Television Star Exits Scientology | De Niro, Redford Salute Streep | New Line's Goodbye; Dr. Phil's Money
Television Star Exits Scientology
Ruggedly handsome actor Jason Beghe was best man at the wedding of "X-Files" star David Duchovny (his childhood pal) and actress Tea Leoni. In 1998, he starred as Demi Moore’s love interest in "G.I. Jane." He’s been featured in numerous TV dramas such as "Criminal Minds," "Numb3rs" and "CSI."
In 2005, Beghe appeared in promotional spots for the Church of Scientology. But now, Beghe has escaped the church after taking courses since 1994. He’s made a video that’s up on Google Video.
This is what he has to say: "Scientology is destructive and a rip-off."
He also says: "It’s very, very dangerous for your spiritual, psychological, mental, emotional health and evolution. I think it stunts your evolution. If Scientology is real, then something’s f---ed up."
You can see from the video that Beghe does not mince words. But his refreshing candor about the religion he joined in 1994 should shake the Celebrity Center to its core.
"It ain’t deliverin’ what it’s promised. It sure has not."
The video is billed as a three-minute teaser to a longer interview with Beghe that’s on its way. But the short video packs a powerful punch. Beghe still uses a lot of Scientology lingo like "OT" and "clear." Still, it’s quite easy to understand the point he’s making. After 14 years and a tremendous amount of money, he’s seeing Scientology in a different light.
Beghe has completed so many courses that he’s considered a top Scientologist, or "OT 5" — similar to Tom Cruise, John Travolta and Kirstie Alley. But Beghe reveals: "The further up the bridge, the worse you get."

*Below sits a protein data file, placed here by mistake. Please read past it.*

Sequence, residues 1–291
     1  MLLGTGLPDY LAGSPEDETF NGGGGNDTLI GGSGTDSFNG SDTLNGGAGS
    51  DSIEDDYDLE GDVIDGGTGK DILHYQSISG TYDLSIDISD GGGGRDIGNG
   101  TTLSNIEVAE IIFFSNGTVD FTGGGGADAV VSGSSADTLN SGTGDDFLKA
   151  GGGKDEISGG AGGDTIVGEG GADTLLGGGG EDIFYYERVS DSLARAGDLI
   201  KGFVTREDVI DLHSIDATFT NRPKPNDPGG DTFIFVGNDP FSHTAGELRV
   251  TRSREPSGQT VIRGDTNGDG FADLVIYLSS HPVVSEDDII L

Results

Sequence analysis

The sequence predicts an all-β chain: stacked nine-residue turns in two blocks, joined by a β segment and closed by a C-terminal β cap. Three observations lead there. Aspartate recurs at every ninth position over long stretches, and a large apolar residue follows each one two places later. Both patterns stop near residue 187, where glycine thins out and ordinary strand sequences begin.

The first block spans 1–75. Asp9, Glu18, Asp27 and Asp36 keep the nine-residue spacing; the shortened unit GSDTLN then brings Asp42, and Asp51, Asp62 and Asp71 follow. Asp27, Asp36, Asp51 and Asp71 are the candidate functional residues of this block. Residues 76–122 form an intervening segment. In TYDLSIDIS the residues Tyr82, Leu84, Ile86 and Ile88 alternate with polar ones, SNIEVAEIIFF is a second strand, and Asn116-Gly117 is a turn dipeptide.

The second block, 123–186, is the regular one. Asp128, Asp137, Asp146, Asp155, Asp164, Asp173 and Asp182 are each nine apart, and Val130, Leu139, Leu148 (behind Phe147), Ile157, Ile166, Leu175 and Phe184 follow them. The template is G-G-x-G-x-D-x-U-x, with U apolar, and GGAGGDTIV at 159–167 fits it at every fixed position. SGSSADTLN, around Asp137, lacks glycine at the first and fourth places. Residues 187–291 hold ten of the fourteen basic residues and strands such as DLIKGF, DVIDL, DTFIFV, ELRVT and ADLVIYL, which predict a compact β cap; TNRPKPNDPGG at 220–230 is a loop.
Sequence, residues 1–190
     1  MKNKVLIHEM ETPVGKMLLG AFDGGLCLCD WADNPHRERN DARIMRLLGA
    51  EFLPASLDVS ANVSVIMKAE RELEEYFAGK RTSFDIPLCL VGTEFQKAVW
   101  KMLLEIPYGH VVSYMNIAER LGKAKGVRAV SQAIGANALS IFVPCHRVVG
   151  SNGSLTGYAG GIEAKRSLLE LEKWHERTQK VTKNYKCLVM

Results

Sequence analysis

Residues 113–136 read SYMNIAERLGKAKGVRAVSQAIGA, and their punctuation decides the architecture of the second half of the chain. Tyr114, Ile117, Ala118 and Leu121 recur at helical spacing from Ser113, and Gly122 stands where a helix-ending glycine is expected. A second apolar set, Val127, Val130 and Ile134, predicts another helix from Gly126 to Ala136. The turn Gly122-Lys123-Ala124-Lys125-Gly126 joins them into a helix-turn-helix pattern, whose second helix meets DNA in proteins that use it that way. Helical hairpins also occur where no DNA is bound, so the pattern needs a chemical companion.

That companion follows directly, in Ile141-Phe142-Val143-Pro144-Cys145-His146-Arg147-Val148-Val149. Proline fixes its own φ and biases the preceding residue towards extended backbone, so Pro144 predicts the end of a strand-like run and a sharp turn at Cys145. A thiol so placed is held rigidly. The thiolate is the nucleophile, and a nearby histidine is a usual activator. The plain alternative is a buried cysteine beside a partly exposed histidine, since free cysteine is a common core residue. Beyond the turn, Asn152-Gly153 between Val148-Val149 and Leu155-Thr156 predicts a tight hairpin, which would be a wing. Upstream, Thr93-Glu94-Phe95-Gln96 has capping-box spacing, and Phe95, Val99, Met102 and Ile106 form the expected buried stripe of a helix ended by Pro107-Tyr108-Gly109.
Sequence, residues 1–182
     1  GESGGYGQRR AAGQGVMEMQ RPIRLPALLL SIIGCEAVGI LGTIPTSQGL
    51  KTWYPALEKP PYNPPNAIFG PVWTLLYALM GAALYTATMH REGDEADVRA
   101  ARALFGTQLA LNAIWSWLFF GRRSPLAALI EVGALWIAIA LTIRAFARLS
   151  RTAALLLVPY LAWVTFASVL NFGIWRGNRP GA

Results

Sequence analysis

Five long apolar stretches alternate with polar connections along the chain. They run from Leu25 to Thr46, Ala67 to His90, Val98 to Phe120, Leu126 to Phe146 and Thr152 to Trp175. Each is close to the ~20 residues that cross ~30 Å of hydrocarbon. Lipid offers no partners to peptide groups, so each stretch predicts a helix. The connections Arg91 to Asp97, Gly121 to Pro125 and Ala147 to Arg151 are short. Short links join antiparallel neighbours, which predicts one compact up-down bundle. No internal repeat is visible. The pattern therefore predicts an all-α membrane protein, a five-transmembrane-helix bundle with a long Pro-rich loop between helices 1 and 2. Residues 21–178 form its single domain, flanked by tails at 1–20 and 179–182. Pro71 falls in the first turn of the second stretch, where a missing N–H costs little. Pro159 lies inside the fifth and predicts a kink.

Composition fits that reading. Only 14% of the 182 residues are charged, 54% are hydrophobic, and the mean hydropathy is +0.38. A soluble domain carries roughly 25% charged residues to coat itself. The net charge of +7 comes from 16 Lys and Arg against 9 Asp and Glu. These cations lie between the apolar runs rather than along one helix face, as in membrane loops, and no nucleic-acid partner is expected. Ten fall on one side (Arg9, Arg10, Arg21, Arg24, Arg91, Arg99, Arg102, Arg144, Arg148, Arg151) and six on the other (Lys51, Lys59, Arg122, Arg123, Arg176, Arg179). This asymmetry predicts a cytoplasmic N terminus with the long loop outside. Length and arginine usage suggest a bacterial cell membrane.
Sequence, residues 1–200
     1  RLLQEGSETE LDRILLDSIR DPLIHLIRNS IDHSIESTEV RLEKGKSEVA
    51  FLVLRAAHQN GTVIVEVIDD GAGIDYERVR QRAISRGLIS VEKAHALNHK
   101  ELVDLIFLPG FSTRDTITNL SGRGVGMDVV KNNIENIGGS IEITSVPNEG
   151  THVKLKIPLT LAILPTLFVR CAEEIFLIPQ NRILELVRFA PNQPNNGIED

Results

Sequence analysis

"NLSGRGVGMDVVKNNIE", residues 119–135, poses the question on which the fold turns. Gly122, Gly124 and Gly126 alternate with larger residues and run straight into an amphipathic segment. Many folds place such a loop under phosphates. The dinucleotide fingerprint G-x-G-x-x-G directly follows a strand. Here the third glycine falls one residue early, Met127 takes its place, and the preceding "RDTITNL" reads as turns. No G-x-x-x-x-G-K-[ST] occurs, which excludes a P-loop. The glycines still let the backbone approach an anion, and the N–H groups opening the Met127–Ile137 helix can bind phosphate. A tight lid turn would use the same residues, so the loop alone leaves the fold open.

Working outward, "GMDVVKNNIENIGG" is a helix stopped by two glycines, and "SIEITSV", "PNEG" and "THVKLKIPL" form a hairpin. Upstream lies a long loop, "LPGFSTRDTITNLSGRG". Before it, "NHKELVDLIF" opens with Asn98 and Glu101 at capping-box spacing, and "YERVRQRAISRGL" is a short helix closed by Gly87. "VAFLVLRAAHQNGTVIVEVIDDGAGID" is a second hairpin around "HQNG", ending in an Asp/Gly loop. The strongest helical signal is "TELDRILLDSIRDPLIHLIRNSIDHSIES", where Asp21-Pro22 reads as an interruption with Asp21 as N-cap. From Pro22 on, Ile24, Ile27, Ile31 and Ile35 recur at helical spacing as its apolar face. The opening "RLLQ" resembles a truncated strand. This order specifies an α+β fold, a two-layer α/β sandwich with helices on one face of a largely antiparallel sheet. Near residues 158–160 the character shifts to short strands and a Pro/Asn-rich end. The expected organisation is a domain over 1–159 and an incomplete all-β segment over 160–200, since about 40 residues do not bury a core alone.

He adds: "I don’t have an agenda. I’m just trying to help. I have the luxury of having gotten into Scientology and after having been in it, been out. And that’s a perspective that people who are still in and not out do not have."
More to come…
De Niro, Redford Salute Streep
It was Meryl Streep’s night on Monday at the Film Society of Lincoln Center’s annual honors dinner.
Two Roberts — De Niro and Redford — showed up and toasted Streep from the stage of Avery Fisher Hall, along with Amy Adams, Uma Thurman, Stanley Tucci, directors Mike Nichols and Jonathan Demme, Christopher Walken and Garrison Keillor.
In the audience and at the dinner later: actress Christine Baranski; "Guiding Light" star Maeve Kinkead, Meryl’s sister-in-law; actor John Rothman, plus two "Sophie’s Choice" widows — Rose Styron, whose husband, William, wrote the award-winning novel, and Hannah Pakula (Alan directed the Oscar-winning film). Kathryn Altman represented her late husband, Robert Altman, who directed Streep in "A Prairie Home Companion."
Robert Benton, director of "Places in the Heart" and "Kramer vs. Kramer" (Streep was in the latter), told me Meryl turned down the role that went to Sally Field — and for which Field won an Oscar.
"I think I was pregnant," Meryl told me at dinner.